4 out of 4 stars
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Separated from her mother at age 10, Lilly, a slave, is sent to live with a new master. Here, she finds comfort in observing and mimicking her new master’s children as they learn to play piano with their mother. Lilly is soon allowed to play on the piano herself when her owner’s wife dies, and she is left alone to take on the household duties herself. As the years go by, she becomes very talented at playing the piano when she is supposed to be working. She also begins to develop a friendship with her owner’s youngest son, James.
When James’s father discovers their friendship, he separates James and Lilly, placing his young son in a boarding school. Years later, when he returns to his plantation, James sees Lilly playing the piano and he swears that she will be punished for daring to touch her master’s piano. He talks his father into letting him take Lilly to what he says is a slave breeder. However, the slave breeder turns out to be a famous musician. The musician, William Werthington, is highly impressed by Lilly’s abilities and he agrees to help her get a job as a musician in an orchestra. They discover that because of Lilly’s African-American appearance no one wishes to hire her due to prejudice and fear of backlash from society. William puts on his own concert with Lilly. This turns out to be a raging success. She becomes a famous pianist, and she slowly starts to reconnect with James, and eventually falls in love with him. However, as a white slave owner, he is forbidden by the slave code to return her affections. Will he be able to overcome his own fears, jealousy and prejudice to form a romantic relationship with Lilly, or will he end up giving up on the love of his life?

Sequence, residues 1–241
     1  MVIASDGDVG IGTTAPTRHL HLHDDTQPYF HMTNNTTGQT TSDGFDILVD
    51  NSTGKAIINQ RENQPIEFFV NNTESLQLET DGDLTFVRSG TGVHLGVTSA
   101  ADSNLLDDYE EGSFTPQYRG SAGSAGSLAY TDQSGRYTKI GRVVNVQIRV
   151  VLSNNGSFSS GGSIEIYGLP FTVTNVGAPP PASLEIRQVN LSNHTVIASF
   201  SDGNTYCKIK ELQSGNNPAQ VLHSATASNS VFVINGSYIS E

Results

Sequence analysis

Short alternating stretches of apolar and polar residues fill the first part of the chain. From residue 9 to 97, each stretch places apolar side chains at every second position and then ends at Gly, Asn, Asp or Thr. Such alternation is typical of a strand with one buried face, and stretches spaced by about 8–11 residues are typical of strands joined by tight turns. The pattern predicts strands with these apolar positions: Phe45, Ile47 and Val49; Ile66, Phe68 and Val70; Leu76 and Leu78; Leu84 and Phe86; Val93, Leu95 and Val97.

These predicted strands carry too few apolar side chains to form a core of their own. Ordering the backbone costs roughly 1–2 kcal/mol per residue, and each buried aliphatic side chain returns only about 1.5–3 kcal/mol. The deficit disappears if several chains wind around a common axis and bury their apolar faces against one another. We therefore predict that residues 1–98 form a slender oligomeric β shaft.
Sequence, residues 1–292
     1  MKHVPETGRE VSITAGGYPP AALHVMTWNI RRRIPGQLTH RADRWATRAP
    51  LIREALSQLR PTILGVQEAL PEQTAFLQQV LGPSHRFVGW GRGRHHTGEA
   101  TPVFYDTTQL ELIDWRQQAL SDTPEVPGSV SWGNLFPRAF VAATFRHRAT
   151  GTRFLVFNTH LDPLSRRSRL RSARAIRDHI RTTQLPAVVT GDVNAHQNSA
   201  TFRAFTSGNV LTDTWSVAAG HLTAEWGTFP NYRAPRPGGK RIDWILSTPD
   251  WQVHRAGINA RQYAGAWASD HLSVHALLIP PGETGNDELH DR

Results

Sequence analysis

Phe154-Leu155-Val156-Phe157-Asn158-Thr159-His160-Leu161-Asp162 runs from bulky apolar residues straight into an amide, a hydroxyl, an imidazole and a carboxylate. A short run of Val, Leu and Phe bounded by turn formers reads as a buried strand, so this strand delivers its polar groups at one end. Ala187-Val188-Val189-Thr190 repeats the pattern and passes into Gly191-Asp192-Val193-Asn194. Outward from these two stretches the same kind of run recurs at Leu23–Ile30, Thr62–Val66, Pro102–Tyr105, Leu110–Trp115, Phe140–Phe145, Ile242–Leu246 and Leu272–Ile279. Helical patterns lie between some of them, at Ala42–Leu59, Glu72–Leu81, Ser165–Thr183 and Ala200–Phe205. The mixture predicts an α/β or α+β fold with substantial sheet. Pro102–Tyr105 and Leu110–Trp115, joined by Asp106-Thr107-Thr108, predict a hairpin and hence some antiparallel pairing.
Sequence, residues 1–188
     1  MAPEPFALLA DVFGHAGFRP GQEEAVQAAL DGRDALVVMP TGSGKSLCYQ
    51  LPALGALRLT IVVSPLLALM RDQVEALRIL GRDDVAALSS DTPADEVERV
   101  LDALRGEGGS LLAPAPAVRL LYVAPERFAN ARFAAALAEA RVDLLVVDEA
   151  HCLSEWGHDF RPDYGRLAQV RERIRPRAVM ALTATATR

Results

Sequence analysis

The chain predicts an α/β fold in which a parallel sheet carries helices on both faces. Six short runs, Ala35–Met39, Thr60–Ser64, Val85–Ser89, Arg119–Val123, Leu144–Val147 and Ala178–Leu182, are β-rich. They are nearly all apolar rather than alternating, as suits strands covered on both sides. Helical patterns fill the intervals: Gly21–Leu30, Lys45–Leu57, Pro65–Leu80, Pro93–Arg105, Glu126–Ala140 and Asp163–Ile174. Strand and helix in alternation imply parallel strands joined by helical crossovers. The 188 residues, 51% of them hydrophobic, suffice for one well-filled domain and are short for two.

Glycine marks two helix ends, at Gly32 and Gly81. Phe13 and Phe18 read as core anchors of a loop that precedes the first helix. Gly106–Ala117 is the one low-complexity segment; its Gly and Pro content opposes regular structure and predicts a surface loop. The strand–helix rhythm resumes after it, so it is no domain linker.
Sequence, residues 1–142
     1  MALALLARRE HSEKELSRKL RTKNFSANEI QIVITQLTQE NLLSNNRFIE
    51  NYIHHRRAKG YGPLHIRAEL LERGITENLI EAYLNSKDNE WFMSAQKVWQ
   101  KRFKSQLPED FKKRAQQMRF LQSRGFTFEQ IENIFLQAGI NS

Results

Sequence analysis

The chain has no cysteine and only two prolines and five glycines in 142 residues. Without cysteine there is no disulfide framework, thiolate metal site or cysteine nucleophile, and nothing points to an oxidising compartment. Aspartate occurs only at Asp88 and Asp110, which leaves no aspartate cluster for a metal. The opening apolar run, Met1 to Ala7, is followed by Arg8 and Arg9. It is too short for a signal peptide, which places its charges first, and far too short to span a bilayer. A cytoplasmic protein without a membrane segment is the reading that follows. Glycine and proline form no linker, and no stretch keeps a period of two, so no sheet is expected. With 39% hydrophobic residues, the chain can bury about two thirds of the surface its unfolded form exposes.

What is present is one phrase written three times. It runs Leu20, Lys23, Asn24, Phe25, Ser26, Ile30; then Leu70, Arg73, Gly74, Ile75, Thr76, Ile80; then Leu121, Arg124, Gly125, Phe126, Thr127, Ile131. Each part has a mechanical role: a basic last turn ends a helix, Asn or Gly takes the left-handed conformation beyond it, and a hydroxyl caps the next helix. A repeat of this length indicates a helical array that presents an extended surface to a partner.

I thought The Prodigy Slave: Journey to Winter Garden by Londyn Skye was well written, and I enjoyed reading it. This was because I found it very eye-opening in its treatment of African-American characters. Often, African-American characters in novels are whitewashed in that they can seem more white than black. I found Lilly had a much more realistic portrayal of an African-American character than in other novels. I appreciated this, as it helped me understand a little of what relationships between African-American slaves and their white owners must have been like. Further emphasis was made for me by the associations the author made between the slave code and the story at the start of each chapter.
Despite the likeableness and believability of Lilly’s character, and its helpfulness in understanding the relationships between slaves and their owners, I found the historical accuracy of this book to be lacking. This is because I found a couple of historical inaccuracies in how Lilly is dressed, such as the wearing of makeup and panties before they were in common use. I also did not like how the author occasionally switched accents for characters, because this made it hard to guess who was speaking.
I did, however, enjoy reading this novel very much. I would, thus, give it four out of four stars. This is because I thought it was very well written with believable characters and an entertaining storyline. I would recommend this novel to lovers of historical romance fiction.
The Prodigy Slave, Book One: Journey to Winter Garden
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